Quarantine struck the project hard by limiting our access to the testing on both location and the audience. The design team quickly pivoted our plan, despite the risk and uncertainty of whether it’s worth it, to develop a VR simulation of the environment. The VR provided a more vivid visualization of the design that has profoundly helped the team, the client and faculty to vision the design as real installation. It has also been a good way to show and communicate the design to others.
Besides extra work on the VR simulation, the team has not given up the installation, and been actively coping with the situation by figuring out new solutions, such as upgrading on the manual for future implementation. We have tried our best to keep it to the delivery, nonetheless. It’s an achievement not downgrading what we promised.
What could have been better…
Dynamics between Design x Development x Testing
There were many things we wished to have more time testing before moving on to further development. For example, we didn’t have enough time to explore more design choices on the film layout. It was a trade-off on client request and pressure on ordering and having it delivered in time for implementation. It would be helpful for the following development to have the design tested earlier than later discovering the issues after a time-consuming development process. Same goes to the functionality testings. We didn’t get to do the functionality testing as often as expected because progress didn’t follow up. One of the main reasons of original plans falling behind was we pivoted to a big change in response to quarantine. We took a week to develop the VR simulation of the location after thorough evaluation and weighing on the effects.
On the other hand, when we made the time for testing, we were immediately off to the next playtest, that we wished to have more time to make pivots from the findings. It became clearer later that the overlapping responsibilities between design, development, and testing made it harder for such a fast-pace development process.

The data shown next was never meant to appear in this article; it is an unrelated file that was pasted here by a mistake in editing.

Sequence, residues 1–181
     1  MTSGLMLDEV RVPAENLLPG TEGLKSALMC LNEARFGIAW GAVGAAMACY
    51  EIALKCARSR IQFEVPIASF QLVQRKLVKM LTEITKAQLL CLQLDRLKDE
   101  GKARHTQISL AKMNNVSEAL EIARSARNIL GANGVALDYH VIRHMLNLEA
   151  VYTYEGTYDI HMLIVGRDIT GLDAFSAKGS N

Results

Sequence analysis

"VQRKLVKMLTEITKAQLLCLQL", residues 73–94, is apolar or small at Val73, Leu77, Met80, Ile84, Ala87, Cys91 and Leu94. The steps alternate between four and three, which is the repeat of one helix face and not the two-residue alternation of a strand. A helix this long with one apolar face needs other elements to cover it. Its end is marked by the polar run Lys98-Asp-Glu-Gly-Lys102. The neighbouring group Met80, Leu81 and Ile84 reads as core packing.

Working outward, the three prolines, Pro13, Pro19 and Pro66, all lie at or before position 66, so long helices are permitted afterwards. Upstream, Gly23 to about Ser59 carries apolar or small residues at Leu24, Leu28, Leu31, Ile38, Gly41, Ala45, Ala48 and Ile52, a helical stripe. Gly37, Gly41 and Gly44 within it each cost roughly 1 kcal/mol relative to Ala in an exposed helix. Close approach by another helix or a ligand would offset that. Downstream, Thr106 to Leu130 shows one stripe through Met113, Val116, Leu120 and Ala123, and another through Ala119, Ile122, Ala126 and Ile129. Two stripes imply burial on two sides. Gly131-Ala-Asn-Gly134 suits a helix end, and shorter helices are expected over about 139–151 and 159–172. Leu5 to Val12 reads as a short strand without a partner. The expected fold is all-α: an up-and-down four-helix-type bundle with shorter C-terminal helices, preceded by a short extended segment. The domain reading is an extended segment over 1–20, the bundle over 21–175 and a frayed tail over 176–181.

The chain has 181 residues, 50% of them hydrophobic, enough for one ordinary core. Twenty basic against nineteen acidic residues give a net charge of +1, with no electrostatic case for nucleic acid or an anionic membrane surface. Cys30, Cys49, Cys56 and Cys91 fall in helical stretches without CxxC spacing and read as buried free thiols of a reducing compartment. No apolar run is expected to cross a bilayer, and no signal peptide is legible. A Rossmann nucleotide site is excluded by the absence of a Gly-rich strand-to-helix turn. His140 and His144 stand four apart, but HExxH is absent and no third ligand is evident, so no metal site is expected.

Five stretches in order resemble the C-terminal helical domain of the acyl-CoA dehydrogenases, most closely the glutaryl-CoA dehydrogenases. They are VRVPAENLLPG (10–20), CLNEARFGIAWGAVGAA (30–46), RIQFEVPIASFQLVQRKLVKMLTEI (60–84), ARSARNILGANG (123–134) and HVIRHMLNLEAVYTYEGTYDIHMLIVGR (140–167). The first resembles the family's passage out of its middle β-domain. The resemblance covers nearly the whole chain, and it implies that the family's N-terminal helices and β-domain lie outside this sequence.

When pitching our design and choices, there was a miscommunication on the price cost between the tech team and the client. Due to miscalculation on various factors, the price presented to our client wasn’t enough to actually cover the proposed plan in time. The team caught it early, and immediately reached out to the instructors for coming up with a solution. It was important to take in consideration of not only the price cost, but also the delivery time, and many other factors. Reaching out to the suppliers for more information before presenting to the client would be a better approach since time is a critical factor for a delivery project.
Lessons learned and Conclusion
Take more photos, and videos all the time, just in case if ever fell under the condition of having to communicate a location-based experience design under quarantine stay-at-home policy. It has made communication even harder when we didn’t have the option of letting people simply just experience it as how we designed it, but it also made it clear on what are the things people first noticed on the design itself, without environmental factors, that we may not have known from before.
Efficiency and clear goals are critical factors on the testing and iterating dynamics. The team has gone through struggles and pressures on weighing between ideal plans and reality. It’s been a rough battle for all, but one thing the team has persisted on was not giving up on the product, no matter how bad it got. After all, the team have created and delivered a location-based installation during the time of lock-down.
At the end of the semester, we’re delivering the two software and manuals on Github to our client. As for the hardware, we’ve confirmed with the client that it would be handed off as elements without the implementation to the room. Adapting to that, we would be addressing the implementation steps in the manual, and keep the flexibilities in development for the client to easily adjust the parameters accordingly. The films, phidgets will be kept at the ETC until further notice allows us to either order a delivery or let him pick up at the ETC. The producer, Annie, will be responsible for keeping the client and the team informed for the hand-off.